The first two chapters of Shelley’s Frankenstein describe the lives of three young children in Geneva:
“I [the narrator Victor] was…deeply smitten with the thirst for knowledge.”
“[Elizabeth] busied herself with the aerial creations of the poets and in the majestic and wondrous scenes which surrounded our Swiss home…”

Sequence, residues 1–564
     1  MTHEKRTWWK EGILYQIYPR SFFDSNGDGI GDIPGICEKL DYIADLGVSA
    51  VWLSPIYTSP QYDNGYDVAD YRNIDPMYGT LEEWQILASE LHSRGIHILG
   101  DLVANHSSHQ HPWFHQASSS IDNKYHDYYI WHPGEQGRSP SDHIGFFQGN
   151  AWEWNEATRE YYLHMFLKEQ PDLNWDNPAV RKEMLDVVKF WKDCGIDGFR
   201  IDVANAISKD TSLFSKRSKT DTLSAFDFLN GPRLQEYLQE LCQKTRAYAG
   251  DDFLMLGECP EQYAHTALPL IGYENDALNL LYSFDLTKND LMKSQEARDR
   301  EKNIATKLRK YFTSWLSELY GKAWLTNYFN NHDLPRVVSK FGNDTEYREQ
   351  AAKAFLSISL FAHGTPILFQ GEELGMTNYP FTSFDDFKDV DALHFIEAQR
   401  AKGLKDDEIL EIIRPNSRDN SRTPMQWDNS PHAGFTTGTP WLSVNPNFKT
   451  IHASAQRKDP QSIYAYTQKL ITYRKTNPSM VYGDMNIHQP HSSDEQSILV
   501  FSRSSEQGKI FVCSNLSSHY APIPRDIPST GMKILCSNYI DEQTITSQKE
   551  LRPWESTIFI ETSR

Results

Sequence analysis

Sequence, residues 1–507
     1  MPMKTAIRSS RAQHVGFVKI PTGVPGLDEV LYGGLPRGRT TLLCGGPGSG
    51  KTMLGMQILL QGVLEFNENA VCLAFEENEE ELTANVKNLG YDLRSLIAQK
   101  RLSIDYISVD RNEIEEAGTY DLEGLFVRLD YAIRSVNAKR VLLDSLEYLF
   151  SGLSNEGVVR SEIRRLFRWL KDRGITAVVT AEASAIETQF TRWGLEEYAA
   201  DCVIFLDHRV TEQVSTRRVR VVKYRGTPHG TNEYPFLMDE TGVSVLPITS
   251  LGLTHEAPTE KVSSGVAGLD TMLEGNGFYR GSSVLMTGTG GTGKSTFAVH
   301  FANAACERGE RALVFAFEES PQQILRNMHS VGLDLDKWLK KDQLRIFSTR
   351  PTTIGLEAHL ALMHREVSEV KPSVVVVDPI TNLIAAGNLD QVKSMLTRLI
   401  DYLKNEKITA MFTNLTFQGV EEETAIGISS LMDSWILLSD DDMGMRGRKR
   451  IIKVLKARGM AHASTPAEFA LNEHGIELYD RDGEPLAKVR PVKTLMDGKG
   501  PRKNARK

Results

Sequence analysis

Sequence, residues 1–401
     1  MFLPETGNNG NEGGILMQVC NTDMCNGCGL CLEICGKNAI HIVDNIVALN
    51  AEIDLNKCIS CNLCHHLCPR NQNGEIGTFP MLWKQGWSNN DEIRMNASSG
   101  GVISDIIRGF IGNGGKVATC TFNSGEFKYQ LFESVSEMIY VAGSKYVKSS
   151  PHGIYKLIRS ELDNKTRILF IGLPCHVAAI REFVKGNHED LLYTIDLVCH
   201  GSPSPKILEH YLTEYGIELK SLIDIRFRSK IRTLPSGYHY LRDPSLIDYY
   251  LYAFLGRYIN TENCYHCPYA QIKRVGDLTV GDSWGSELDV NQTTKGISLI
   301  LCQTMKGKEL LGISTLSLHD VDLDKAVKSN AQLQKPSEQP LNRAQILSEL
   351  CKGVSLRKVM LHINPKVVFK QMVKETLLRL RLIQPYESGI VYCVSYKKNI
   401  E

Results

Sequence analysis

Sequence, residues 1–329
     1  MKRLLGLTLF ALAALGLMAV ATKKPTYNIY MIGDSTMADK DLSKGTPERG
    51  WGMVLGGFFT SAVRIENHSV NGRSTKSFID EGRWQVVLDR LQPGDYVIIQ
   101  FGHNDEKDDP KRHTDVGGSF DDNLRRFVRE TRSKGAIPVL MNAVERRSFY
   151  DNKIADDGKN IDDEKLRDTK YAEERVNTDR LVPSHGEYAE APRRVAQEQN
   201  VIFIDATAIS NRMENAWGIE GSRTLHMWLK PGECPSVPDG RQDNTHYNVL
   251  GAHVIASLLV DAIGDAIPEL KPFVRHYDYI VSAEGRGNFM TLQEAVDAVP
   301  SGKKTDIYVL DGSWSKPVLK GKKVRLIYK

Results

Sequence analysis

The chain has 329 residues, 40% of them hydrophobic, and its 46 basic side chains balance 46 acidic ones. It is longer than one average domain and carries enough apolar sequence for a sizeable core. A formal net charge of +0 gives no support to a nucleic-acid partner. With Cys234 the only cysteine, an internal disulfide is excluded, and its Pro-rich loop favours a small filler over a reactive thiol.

“…Clerval occupied himself…with the moral relations of things.”
Victor searches truth, Elizabeth searches for beauty, Clerval searches for goodness.